The stage presentation ran earlier this year at Brooklyn's Polonsky Shakespeare Center. Despite rave reviews, Taymor knew the production couldn't travel. "Many people wanted to tour, but it's completely impractical," she said. "There were 17 children and 15 principals. It will probably never see the light of day again as a live production, so I feel very good about the film."
Taymor was quick to differentiate her project from other recent stage-to-screen productions. "It's not like Live From the Met," she commented. "This is even more thorough. We shot all performances straight through, putting cameras in different positions at each show, and then in the daytime we went onstage with handheld cameras. I think it's fairly unusual, because it is a real hybrid of live theater and film. It's very cinematic. There are no visual effects -- they're all live."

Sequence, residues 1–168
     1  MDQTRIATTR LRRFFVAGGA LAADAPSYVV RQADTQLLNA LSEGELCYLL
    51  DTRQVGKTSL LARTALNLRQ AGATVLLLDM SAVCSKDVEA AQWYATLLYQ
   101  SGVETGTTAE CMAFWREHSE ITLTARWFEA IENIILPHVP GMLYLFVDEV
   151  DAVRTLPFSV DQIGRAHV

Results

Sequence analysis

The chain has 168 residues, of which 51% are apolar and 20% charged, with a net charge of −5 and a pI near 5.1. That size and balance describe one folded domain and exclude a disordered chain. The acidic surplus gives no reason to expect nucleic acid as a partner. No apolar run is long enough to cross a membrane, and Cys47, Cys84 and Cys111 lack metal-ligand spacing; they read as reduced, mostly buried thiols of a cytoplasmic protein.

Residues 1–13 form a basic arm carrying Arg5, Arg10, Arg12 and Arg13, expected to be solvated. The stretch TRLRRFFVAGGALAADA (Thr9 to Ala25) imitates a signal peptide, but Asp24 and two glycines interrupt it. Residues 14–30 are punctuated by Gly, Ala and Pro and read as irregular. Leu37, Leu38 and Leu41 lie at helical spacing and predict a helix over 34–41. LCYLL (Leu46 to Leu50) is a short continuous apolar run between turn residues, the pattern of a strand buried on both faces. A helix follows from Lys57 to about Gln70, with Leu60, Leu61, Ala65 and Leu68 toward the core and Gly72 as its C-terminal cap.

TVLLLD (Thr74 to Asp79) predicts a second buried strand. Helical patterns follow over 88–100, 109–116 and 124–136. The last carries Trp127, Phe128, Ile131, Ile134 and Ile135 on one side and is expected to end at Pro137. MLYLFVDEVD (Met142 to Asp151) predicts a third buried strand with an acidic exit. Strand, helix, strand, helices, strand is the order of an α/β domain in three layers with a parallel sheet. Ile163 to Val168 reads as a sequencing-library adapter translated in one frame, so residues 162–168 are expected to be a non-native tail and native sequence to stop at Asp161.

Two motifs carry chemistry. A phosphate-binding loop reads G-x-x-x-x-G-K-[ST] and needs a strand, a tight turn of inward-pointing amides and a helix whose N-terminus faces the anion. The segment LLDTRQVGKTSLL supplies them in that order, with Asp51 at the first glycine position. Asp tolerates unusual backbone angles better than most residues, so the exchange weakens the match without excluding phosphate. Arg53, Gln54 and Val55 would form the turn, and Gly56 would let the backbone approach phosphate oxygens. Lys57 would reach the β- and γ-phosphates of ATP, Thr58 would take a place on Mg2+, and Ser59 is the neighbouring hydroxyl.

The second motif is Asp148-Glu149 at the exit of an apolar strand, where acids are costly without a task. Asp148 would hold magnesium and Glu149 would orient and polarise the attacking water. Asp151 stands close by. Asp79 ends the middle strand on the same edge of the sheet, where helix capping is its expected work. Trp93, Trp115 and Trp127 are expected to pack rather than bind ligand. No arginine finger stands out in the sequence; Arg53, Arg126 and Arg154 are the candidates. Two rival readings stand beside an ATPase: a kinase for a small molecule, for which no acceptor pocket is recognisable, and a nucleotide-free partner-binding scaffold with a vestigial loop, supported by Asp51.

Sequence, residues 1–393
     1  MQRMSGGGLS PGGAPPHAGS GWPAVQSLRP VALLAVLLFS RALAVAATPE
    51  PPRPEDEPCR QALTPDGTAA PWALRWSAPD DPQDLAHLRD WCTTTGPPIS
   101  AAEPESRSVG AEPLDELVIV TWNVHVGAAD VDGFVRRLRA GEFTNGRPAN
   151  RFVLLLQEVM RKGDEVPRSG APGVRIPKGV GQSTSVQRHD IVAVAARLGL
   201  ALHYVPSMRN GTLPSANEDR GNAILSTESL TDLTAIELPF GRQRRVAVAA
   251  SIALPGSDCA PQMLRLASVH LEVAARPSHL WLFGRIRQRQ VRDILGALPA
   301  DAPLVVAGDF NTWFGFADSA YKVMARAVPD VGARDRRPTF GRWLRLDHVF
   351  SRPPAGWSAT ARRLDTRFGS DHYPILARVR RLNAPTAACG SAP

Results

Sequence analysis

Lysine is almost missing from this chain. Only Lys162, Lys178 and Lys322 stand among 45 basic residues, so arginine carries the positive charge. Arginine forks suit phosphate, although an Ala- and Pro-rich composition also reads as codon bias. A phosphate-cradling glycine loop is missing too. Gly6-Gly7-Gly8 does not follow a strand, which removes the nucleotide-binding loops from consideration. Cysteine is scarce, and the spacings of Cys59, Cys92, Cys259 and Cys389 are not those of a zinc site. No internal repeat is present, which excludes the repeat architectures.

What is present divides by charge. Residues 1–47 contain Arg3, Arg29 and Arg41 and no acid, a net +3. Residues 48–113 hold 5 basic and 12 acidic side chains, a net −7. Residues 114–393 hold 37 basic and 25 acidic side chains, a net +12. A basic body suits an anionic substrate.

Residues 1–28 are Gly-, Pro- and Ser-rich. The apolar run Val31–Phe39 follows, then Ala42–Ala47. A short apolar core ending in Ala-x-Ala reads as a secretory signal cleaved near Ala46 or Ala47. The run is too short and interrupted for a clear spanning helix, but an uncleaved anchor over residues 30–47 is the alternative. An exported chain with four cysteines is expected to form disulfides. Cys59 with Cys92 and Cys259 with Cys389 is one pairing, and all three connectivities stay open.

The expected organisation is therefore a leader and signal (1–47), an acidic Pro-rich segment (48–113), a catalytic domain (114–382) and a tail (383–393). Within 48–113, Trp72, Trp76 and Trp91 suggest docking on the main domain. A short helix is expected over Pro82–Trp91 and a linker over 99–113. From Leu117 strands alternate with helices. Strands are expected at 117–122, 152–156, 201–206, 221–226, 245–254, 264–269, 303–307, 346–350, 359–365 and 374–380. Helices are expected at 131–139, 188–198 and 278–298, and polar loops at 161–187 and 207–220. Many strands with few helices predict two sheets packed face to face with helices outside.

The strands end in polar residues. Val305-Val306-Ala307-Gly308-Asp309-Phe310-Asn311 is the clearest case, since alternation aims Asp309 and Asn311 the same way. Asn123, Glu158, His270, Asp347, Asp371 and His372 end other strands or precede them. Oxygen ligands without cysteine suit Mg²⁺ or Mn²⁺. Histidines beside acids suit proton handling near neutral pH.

Taymor's last film was another Shakespeare project, 2010's The Tempest, in which the male character of Prospero was played by Helen Mirren to shift the play's dynamics into that of a mother-daughter relationship.
Taymor says we can look for the film at this year's Toronto Film Festival in September.